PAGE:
Amazingly, none of these legendary performers was so much as nominated for an Oscar for their histrionic ability. The only one honored by the Academy in a competitive category was Noel Coward, who was nominated for Original Screenplay and producer of the Best Picture nominee at the 1943 awards for In Which We Serve. Coward also received an honorary award for the film at the 1942 ceremony "for his outstanding production achievement." He received his nominations a year later because the film was released in Los Angeles in January of 1943, too late to be considered for the competitive 1942 awards.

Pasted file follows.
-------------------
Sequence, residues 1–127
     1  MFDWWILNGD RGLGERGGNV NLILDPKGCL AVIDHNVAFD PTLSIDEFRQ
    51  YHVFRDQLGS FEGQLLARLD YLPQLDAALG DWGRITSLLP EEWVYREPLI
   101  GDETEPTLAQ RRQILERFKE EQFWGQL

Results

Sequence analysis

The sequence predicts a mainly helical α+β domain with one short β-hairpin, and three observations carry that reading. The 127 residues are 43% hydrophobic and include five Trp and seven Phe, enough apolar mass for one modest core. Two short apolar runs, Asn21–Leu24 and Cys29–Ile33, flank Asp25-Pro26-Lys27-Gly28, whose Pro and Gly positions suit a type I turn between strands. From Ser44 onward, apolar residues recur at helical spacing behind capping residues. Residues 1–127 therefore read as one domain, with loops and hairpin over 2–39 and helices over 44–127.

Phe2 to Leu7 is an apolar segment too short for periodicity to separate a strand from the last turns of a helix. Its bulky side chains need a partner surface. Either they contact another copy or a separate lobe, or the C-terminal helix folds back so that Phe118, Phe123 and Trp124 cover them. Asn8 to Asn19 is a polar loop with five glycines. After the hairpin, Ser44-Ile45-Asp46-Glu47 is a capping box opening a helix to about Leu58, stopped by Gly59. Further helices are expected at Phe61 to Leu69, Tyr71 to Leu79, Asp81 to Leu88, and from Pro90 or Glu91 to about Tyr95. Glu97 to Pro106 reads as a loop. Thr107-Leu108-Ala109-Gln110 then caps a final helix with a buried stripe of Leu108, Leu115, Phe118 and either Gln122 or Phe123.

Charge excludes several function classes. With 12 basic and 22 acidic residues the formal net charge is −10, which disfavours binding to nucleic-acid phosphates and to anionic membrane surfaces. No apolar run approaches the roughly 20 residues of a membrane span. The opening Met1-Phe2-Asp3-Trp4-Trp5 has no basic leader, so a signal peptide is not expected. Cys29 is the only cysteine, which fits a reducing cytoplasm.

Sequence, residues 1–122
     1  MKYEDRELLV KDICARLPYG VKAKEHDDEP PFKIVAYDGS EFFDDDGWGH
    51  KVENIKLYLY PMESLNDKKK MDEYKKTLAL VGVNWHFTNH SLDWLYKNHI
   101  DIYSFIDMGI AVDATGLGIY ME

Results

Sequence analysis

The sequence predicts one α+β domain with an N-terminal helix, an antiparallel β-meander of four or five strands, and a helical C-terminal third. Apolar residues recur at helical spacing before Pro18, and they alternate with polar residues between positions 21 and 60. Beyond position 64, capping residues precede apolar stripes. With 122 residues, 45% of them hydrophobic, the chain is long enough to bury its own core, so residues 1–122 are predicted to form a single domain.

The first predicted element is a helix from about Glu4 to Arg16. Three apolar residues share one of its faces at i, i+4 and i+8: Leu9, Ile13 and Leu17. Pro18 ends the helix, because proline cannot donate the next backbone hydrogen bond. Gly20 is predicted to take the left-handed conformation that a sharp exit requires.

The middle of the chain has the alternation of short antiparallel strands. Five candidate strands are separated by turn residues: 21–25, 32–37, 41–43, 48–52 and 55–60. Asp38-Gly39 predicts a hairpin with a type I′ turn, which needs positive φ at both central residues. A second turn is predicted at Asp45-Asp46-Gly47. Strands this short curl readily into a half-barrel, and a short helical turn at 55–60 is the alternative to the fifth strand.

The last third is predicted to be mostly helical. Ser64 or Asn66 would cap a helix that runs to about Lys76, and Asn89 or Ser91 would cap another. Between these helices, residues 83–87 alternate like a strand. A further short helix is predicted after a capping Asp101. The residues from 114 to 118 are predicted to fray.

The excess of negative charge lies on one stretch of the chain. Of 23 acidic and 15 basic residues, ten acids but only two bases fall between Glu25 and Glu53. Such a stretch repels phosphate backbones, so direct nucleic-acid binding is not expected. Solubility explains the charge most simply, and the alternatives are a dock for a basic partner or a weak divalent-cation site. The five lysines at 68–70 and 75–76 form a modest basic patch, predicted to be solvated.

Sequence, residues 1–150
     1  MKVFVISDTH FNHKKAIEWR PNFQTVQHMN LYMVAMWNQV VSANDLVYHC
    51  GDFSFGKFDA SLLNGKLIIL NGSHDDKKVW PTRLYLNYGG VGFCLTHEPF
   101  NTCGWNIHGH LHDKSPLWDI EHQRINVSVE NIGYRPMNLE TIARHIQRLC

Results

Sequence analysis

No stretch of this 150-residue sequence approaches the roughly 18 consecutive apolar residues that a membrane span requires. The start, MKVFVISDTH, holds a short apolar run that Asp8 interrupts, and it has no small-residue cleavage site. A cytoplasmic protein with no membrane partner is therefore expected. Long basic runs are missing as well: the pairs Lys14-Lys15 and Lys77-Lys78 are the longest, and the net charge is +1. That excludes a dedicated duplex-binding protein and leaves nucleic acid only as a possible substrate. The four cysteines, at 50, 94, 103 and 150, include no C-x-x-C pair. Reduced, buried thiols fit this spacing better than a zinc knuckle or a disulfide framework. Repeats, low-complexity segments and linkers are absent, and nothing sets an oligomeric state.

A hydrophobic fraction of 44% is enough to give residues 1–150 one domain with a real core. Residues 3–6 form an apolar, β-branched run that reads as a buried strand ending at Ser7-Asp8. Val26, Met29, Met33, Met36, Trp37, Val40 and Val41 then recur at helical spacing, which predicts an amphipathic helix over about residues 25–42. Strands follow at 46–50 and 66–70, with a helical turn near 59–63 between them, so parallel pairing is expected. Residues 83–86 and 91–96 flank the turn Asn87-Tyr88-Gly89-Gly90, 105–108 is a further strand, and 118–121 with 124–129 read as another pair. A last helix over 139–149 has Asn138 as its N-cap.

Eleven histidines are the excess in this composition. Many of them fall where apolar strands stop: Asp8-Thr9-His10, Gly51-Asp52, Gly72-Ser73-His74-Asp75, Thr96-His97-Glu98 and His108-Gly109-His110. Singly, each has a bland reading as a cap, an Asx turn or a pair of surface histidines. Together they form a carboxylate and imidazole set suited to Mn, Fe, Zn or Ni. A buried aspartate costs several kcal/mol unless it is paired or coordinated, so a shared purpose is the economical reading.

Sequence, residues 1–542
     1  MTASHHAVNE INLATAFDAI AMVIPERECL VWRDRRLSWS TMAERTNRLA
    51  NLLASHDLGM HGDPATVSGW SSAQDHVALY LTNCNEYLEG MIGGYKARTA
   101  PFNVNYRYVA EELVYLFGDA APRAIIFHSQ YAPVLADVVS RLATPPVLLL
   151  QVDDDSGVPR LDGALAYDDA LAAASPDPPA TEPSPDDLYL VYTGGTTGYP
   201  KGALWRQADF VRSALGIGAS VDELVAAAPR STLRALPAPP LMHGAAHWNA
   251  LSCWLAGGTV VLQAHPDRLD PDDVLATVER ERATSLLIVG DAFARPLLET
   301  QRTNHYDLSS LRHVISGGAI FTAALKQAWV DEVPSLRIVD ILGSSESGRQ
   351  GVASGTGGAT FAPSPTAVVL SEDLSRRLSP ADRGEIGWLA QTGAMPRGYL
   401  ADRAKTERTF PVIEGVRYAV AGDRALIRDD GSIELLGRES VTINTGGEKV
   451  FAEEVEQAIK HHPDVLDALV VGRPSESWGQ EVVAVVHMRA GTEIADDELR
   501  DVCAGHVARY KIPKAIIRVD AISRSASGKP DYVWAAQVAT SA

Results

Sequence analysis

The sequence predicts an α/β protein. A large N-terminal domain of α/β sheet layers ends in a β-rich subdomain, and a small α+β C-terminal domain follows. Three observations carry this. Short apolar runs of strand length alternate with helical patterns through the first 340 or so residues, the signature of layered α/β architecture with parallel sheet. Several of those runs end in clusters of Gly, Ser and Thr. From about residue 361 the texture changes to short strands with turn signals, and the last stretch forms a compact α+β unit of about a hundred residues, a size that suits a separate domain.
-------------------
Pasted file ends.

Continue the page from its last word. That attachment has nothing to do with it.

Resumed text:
Coward was also closely associated with a Best Picture winner, 1933's Cavalcade, which was based on his massive London stage production. He was not directly connected with the creation of the film, which was directed by Frank Lloyd and adapted by Reginald Berkeley, although his reputation was so great at the time that Coward's was the only name that appeared on movie poster.

Edward G. Robinson received an honorary Oscar at the 1972 awards but, sadly, he died two months before the ceremony. He was able to record an acceptance speech on tape prior to his death. The inscription read "Who achieved greatness as a player, a patron of the arts, and a dedicated citizen ... in sum, a Renaissance man. From his friends in the industry he loves."

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